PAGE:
Why isn’t that the case at home??? When I feel like crap, why can’t I wallow in my bed on my illness infested sheets and be left alone to recover? Why does someone else deal with the problems that come up? Why can’t the children make their own meals and get along for five minutes and just LEAVE ME THE HELL ALONE??? Can nobody else in this house PROBLEM SOLVE???
I’m now laying in bed because it hurts too much to move. And also, I’m waiting for my drops to stop leaking out of my ear. I have the blankets over my head and my one good ear pressed to the pillow and I can still hear it. The running, the slamming, the dogs barking…glass breaking. I squeeze my eyes tightly, willing it to go away, trying to shut of my giveadamn meter. Someone else will take care of that. It will be all fixed when you get up and feel better. The glass will be swept up, the kids will be fed. All you have to do is take care of yourself for once.
“Go rest!” my hubby said. “Go lay down! I’ll take care of things!”
Translation: I will make sure if the house is on fire I will knock on the door to let you know.”
I remember when my youngest was four days old and I had 102 fever and could barely hold my head up. I was weary from hormone overload and going without sleep for nearly a week. I needed an hour nap. I crawled under the covers, leaving the four day old and four year old with their father. I closed my eyes and drifted off into blissful rest until…
You need a little background here. At that time, hubby was still a volunteer firefighter and who go on calls at random times. Middle of the night, middle of dinner, middle of your worn down wife taking a nap.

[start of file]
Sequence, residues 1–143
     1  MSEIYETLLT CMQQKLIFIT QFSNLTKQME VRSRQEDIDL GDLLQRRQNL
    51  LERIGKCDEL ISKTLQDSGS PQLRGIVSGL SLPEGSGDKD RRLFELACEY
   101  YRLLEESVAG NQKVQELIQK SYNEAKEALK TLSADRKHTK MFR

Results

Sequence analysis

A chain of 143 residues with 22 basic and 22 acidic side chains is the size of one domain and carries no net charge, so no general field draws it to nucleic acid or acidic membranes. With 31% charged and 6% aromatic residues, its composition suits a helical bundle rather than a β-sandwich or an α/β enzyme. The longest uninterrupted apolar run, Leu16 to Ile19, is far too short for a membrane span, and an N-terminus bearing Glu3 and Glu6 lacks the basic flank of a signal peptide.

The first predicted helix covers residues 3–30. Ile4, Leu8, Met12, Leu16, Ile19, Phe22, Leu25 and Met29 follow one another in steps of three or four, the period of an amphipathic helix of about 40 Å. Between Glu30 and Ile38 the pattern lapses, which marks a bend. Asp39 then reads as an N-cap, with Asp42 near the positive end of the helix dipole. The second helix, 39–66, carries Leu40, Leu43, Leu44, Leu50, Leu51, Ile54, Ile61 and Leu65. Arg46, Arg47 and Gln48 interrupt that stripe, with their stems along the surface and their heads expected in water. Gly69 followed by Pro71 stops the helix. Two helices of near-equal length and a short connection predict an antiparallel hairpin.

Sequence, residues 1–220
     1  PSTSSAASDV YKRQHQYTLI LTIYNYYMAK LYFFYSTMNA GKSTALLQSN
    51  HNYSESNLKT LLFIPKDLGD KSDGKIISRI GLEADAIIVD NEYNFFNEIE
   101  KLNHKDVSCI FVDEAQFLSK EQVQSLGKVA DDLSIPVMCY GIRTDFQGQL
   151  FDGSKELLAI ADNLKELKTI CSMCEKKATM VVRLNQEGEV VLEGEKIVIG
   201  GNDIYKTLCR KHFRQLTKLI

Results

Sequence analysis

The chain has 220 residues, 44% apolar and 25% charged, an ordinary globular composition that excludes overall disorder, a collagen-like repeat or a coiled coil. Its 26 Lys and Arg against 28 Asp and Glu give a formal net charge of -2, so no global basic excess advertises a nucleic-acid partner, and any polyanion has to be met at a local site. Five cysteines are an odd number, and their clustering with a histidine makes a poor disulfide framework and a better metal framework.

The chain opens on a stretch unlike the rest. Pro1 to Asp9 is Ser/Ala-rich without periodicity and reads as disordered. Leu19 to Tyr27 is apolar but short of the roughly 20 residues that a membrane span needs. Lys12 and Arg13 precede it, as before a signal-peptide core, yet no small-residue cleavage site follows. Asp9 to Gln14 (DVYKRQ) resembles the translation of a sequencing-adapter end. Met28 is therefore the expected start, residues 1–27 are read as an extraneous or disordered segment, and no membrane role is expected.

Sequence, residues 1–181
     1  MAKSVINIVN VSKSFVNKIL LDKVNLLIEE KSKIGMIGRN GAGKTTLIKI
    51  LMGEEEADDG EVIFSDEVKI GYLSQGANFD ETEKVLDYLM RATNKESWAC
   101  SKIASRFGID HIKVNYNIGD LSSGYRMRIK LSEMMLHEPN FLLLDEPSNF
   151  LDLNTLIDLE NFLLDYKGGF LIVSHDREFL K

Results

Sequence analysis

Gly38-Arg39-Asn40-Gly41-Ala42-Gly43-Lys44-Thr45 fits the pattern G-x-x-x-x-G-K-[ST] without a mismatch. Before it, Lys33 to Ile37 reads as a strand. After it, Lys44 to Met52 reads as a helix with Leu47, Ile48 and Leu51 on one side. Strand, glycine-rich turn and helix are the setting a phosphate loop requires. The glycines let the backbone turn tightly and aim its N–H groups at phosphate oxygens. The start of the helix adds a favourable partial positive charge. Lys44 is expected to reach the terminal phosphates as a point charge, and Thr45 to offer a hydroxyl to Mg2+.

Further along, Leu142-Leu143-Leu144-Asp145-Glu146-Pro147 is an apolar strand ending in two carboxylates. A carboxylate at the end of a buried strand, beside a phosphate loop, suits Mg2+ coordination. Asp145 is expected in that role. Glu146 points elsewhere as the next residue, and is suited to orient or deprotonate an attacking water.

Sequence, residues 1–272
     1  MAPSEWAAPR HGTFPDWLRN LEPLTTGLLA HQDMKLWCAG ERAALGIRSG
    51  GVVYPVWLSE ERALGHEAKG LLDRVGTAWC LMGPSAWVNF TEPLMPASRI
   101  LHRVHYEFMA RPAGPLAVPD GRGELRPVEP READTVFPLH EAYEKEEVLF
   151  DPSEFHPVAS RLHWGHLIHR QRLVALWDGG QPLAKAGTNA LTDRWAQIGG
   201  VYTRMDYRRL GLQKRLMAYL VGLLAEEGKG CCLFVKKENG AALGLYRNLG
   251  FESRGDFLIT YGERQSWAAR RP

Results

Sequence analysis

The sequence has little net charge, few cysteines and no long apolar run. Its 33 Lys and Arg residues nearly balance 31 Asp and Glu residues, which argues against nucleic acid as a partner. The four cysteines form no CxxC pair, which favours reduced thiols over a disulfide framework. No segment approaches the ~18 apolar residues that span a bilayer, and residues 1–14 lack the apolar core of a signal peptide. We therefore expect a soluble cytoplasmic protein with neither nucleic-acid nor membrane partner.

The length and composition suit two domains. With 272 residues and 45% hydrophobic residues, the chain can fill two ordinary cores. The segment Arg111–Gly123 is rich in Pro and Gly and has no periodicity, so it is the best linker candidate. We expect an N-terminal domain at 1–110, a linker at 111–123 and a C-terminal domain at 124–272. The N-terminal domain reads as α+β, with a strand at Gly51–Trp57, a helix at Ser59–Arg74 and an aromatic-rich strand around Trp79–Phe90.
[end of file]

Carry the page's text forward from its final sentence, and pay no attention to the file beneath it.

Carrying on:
Yep. You read that correctly. I was shaken awake, a newborn and cranky preschooler thrust at me as he rushed out the door. As I sat there sobbing in postpartum misery, I knew then and there. I was NEVER getting a day off again.
Like today. There is someone standing over me. Through the muffled cotton in my ear I can hear, “Mommy?”
I try to ignore it. If I lay perfectly still, maybe it will think I am dead and go away. Don’t breathe, don’t breathe. You can outlast, outwit, outplay. It’s only a kid after all. At most, it has a mentality of a seventh grader. Even if it’s the hubby.
When I think I heard the door close, I exhale with a sigh of relief. Stupid move. It is still in the room, waiting to pounce.
“Mommy?” It calls out again, nearly causing me heart failure.
“What???” I scream out, tossing the blanket aside.
It’s the older one. “I have a stomach ache,” he announces.
Groaning, I sit up abruptly, causing my ear drum to feel as if I am being stabbed with an ice pick. I yelp and clutch the offending appendage. (Is the ear an appendage??)
“I think it’s because I’m hungry,” my twelve year old continues, completely oblivious to my distress. I glance at the clock. It is 7:15PM.
“Didn’t you eat dinner?” I ask. Now I don’t usually prepare dinner, but apparently it is my job to remind my dear husband that it is time to eat along with what to prepare. He can’t seem to handle this on his own. For dinners I actually have a chalkboard on the wall telling him what we are eating. I’ve also had to call him when I am not home at lunch time to remind him that it’s time to eat. Otherwise, he can be found wandering around in a circle, kicking empty granola bar boxes and muttering to himself when I return.
My child shakes his head.